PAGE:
Amgen drug cuts bad cholesterol up to 66 pct in statin patients -trial
* AMG145 reduced LDL up to 66 percent in trial
* Largest PCSK9 trial so far
By Deena Beasley and Bill Berkrot
LOS ANGELES, Nov 6 (Reuters) - Amgen Inc's experimental cholesterol-lowering drug, AMG145, reduced levels of "bad" cholesterol up to 66 percent in patients already taking statin drugs, according to results from a mid-stage trial that were presented on Tuesday.
The trial results were in line with two other studies showing significant reductions in LDL cholesterol that were unveiled on Monday at the American Heart Association scientific meeting in Los Angeles.
The latest study of 629 patients is the largest trial so far of a drug in a new class, known as PCSK9 inhibitors, designed to target a protein that prevents the body from removing artery blocking LDL cholesterol from the bloodstream.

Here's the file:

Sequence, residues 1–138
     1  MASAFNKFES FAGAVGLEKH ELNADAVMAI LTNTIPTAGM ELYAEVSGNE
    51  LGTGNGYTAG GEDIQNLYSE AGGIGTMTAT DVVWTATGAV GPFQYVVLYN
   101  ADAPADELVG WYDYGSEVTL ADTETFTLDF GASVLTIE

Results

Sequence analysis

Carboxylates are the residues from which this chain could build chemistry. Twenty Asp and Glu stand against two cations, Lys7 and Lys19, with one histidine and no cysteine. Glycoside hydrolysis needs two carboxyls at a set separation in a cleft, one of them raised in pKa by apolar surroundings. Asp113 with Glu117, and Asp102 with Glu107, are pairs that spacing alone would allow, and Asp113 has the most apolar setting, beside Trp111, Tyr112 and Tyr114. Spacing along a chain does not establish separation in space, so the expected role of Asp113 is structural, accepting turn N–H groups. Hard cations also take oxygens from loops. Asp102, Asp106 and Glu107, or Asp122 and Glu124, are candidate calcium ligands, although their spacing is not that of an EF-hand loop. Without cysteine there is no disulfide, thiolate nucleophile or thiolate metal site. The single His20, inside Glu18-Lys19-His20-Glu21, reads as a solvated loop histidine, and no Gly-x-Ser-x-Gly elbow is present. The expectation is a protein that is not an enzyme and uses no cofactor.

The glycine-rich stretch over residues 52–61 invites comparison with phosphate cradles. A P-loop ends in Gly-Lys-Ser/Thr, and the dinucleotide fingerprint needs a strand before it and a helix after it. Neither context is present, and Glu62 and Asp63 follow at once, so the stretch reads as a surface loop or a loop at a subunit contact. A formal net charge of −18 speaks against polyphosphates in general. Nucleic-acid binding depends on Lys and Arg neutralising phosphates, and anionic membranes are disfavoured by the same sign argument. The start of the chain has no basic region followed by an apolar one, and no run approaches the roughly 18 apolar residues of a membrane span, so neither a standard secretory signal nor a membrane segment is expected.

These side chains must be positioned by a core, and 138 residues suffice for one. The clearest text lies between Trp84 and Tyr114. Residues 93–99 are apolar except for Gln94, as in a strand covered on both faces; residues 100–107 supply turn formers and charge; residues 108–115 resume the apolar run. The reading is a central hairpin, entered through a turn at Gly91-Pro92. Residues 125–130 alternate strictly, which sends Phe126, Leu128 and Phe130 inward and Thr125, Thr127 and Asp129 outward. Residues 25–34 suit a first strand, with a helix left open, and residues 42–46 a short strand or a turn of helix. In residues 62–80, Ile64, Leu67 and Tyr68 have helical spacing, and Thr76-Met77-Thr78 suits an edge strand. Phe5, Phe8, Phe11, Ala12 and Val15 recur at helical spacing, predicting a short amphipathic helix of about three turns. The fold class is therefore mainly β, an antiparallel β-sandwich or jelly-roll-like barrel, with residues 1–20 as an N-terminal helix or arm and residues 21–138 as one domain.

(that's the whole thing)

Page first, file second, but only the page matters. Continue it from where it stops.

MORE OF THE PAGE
The Phase 2 trial showed a mean reduction in LDL versus a placebo of 42 percent for patients injected with 70 mg of AMG145 every two weeks, 60 percent in the 105 mg group and 66 percent in the 140 mg group.
When the drug was administered every two weeks, the mean reduction in LDL was 42 percent for the 280 mg group, 50 percent for the 350 mg group and 50 percent in the 420 mg group.
"We had some patients with entry LDLs as low as 85," said Dr. Robert Giugliano, associate professor at Brigham and Women's Hospital in Boston, and the study's lead investigator, "At the end, some had LDLs measured in the teens."
Current guidelines from the American Heart Association call for LDL levels to be 100, but some cardiologists believe even lower levels would be beneficial.
The most common side effects seen in the trial were cold-like symptoms, cough and nausea.
The results were presented at the AHA meeting and published in the Lancet medical journal. (Editing by Ken Wills)